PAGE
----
MCC to propose lie-detector test for cricketers

Wednesday, December 15, 2010

PERTH - The Marylebone Cricket Club, the upholder of laws of cricket, is contemplating proposing to the International Cricket Council (ICC) institution of lie-detector tests for players to clean cricket of match-fixing.

“The MCC World Cricket Committee has recommended that the Laws of Cricket be amended specifically to forbid the corruption or attempted corruption of any aspect of a match,” the cricketing body said on its website (

At its meeting here Wednesday, the committee said more deliberation was needed before a recommendation could be put forward to the ICC, possibly by February when they next meet.

“A wide range of proposals were discussed at the meeting including: the legalising and regulating of betting markets in India as proposed by the Delhi Court; the length of bans; non-selection of tainted players; the possible use of lie detector tests; the provision of integrity officers; and the inclusion of anti-corruption clauses in all professional playing contracts in all countries,” MCC said.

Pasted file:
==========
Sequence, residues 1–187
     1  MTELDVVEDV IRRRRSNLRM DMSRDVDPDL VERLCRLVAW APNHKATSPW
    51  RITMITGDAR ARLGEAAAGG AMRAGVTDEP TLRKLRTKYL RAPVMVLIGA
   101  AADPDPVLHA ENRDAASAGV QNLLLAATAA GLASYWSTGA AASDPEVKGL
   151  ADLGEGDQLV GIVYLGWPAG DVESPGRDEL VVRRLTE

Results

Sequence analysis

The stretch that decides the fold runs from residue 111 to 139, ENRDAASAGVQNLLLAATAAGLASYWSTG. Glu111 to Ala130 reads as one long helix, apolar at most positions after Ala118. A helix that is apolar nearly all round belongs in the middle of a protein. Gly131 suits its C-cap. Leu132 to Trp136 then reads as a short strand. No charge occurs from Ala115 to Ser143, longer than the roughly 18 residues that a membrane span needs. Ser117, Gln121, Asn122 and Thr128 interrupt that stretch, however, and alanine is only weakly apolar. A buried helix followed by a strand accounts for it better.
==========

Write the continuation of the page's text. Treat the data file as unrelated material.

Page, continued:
Former Australian captain Steve Waugh, who is head of the MCC World Cricket Committee’s anti-corruption group, said the lie-detector idea is one of several it will take to the ICC for implementation.

“The greatest issue facing the game right now is match-fixing,” Waugh said.

“How can we make players more accountable for their actions? Personally, I think if you’ve done nothing wrong, why wouldn’t you want to have a lie-detector test? You can’t make it compulsory but like I said, if you’ve got nothing to hide, why wouldn’t you take it? If we sit back and don’t do anything about corruption, it’s going to get worse,” he said.

The committee has set up a working party comprising Waugh, West Indian fast bowler Courtney Walsh, Keith Bradshaw and Barry Richards to look into it.

“The Committee is concerned at the scale of the problem, and the detrimental effect it has placed on the integrity of the game, MCC said.

The education of players should not be a meaningless formality; the message should be pressed home with regularity by figures known and respected by the players.

“Furthermore, the committee believes that team captains - as enshrined in the Laws and Spirit of Cricket - should accept greater responsibility for the conduct of their players.”

Cricket was rocked by another match-fixing scandal when Pakistan captain Salman Butt, Mohammad Amir and Mohammad Asif were suspended under the ICC anti-corruption code in September over allegations of spot-fixing against England.

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